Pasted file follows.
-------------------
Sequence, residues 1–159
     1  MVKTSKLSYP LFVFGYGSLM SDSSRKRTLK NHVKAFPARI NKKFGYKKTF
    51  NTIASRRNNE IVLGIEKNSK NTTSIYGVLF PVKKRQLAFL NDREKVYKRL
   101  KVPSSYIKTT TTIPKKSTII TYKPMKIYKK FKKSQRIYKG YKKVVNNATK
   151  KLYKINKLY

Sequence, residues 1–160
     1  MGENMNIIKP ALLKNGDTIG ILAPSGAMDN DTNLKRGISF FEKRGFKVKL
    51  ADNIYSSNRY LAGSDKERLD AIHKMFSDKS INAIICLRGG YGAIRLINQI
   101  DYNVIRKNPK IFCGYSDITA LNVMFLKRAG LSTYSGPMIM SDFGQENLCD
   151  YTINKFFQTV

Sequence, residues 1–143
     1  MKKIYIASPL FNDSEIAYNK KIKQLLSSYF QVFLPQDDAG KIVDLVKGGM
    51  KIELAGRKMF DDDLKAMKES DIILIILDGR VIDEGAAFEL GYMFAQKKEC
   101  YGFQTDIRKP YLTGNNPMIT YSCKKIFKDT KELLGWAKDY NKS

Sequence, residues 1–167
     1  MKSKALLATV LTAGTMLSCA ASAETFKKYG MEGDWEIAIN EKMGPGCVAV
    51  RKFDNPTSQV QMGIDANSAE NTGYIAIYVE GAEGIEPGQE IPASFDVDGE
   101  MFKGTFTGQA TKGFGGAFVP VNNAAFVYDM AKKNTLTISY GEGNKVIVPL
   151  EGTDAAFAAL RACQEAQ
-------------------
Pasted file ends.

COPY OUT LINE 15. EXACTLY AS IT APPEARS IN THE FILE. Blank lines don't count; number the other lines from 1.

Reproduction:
Sequence, residues 1–167